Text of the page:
What fills your soul?  The activity of Martha or the quiet solitude of Mary?  There’s no right answer.  We’re wired differently, thanks be to God.

When are you Martha/Marty?  In what way does this give you joy?  When has it sapped your energy and your joy?

When have you been more like Mary/Matthew?  How do you feel when you spend time with the Master?

The kingdom needs our gifts and talents. The kingdom needs our focused attention as we “go and do” the work of serving others.  Our focus comes from “sitting and listening” to the Master, learning and discerning.

Are you  Martha?  Sit and listen for awhile.

Are you Mary? Where is Jesus calling you to serve?

All glory and honor be to God.

Amen.


Holding on to the Experiences of Life

1 I will extol you, O Lord, for you have drawn me up,
    and did not let my foes rejoice over me.
O Lord my God, I cried to you for help,
    and you have healed me.
O Lord, you brought up my soul from Sheol,
    restored me to life from among those gone down to the Pit.[a]

Sing praises to the Lord, O you his faithful ones,
    and give thanks to his holy name.
For his anger is but for a moment;
    his favor is for a lifetime.
Weeping may linger for the night,
    but joy comes with the morning.

As for me, I said in my prosperity,
    “I shall never be moved.”
By your favor, O Lord,
    you had established me as a strong mountain;
you hid your face;
    I was dismayed.

To you, O Lord, I cried,
    and to the Lord I made supplication:
“What profit is there in my death,
    if I go down to the Pit?
Will the dust praise you?
    Will it tell of your faithfulness?
10 Hear, O Lord, and be gracious to me!
    O Lord, be my helper!”

11 You have turned my mourning into dancing;
you have taken off my sackcloth
and clothed me with joy,
12 so that my soul[b] may praise you and not be silent.
O Lord my God, I will give thanks to you forever. 

(Psalm 30 NRSV)

Whew!  That was rough.  I never saw it coming.  One minute I’m happy, fancy-free and having mountain-top experiences.  Before I knew it, I was in a pit unable to get out.

I tried, though.  God knows I tried.  I dug and dug and couldn’t get out.  The more I tried, the worse it became.  On top of that, God was silent.  Looking back I think God had decided to let me have my own control until I was ready to listen.

Was God angry at me?  Perhaps.  Disappointed? Undoubtedly.  I can’t blame God, though.  I was so wrapped up in myself and getting out of that hole, that I hardly noticed.

That’s when I cried out.  Loud.  Noisy.  Gut-wrenching cries.  God held me as I cried out my pain.  Heartsick, disappointed in myself and angry.  Angry with God.  Angry more with myself.  God held me through the night.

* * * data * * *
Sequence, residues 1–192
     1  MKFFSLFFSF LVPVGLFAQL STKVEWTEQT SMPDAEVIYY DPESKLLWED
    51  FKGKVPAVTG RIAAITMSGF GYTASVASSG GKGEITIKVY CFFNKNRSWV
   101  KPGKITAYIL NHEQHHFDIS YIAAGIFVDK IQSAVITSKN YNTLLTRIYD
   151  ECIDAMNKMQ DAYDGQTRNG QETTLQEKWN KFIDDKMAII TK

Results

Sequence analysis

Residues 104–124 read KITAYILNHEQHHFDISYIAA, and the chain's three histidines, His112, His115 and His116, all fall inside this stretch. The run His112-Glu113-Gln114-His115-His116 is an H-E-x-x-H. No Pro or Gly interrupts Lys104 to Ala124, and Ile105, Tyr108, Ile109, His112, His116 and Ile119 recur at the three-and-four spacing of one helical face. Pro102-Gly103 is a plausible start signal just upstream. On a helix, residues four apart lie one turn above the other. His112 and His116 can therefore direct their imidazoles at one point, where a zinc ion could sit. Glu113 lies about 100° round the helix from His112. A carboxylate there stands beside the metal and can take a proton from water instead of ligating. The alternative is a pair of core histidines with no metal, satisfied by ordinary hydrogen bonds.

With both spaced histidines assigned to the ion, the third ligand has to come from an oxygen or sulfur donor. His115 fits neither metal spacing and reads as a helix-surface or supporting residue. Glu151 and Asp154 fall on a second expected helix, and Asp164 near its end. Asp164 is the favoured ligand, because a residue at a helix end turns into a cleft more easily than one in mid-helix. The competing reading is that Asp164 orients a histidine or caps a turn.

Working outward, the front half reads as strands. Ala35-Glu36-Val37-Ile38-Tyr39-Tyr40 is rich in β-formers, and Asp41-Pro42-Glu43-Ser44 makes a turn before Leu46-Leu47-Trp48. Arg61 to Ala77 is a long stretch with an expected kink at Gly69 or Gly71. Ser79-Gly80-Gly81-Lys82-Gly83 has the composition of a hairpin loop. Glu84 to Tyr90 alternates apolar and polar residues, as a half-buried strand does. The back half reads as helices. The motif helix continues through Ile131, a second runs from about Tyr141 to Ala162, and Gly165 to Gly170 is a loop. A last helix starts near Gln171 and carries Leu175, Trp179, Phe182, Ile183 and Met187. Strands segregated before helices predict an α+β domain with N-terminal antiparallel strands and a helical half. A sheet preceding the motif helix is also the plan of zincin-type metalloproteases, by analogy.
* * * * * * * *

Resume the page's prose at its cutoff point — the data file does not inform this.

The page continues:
It was a long night.  I still had to dig out, but this time I had wisdom from God.  This time, I thought things through and found myself looking for grace in the turmoil.  I began to realize that some of what happened was for my benefit.  In the long run, the digging was a bit easier.

I discovered help was available.  I couldn’t depend only on me, but I needed the help of others.  Friends showed up with shovels and pickaxes.  Others showed up with food and water.  Everywhere I turned, I saw God’s acts of saving and providing.

My situation didn’t turn out like I thought it would.  In the end, it was better.

What I learned this time, was that I’m not in control.  I need God and I need my community of church and friends and even strangers.  I needed the prayers and the actions of those who are in my life.

I also learned that I don’t always get it right.  I may want to be in control, but there are times when I take that control too far and turn my back on God.  As the Psalmist says, “For his anger is but for a moment, his favor is for a lifetime.” (verse 5a.)

I also learned that when I cried out to God, I was beginning to put my trust where it belonged.  Like the man who said to Jesus, “I believe, help my unbelief!” (Mark 9:24) I guess when you reach rock bottom it’s easier to trust in God than yourself.

Eventually, the morning arrived with the sun and a freshness I’d forgotten existed.  I could dance again and sing.  I praised God’s name, remembered God’s mighty acts of the the past.  God hadn’t left me.  Not really.  I suppose it was I who had left God.

Sometimes life is overwhelming.  It’s when we feel fragile that we tend to fight back and try to gain control.  That’s probably the best time to turn to God.  It would have saved me a lot of time and effort if I’d done that in the first place!

And so, I invite you to join me in my dance of gratitude.  Celebrate my return to my place with God.  And while we do that, perhaps we can remember those who are struggling:

  • the victims of an unnecessary house fire
  • those battling illness and disease
  • your loved ones who will go home to God soon
  • those who are grieving loss of any kind
  • the food deprived

There are many folks who live in that dark night of the soul.  We can pray that God will hold them through the night, ever so gently.  We can pray that though their weeping may linger for the night, that joy will come with the morning.

We can also celebrate with those who have returned from the dark valley:

  • those coming out of their grief and loss
  • those whose bodies are healing
  • those accomplishing life’s dreams and ambitions
  • those who have turned away from anger and hate to the bright light of love and acceptance

I know you can add to either of these lists and I so hope you will.

We can’t always get it right.  Some days our trust is in God and we live in that vulnerability.  Other days we grab for control until we can’t handle the overwhelming, overpowering pressures.  In our prayer for help, God sees our trust and in a way, that is praise.

Is God angry?  Perhaps.  But, it lasts a moment.  Love and compassion win the day and we are united with our God who saves, provides for us and, most of all, listens to us.

And that’s when our joy returns: unbelievable, exhilarating, almost giddy joy that we haven’t known for awhile.

But, first we have to come down from that mountain built of our own sense of independence.  God will help with that as well.

All glory and honor be to God.

Amen.


%d bloggers like this: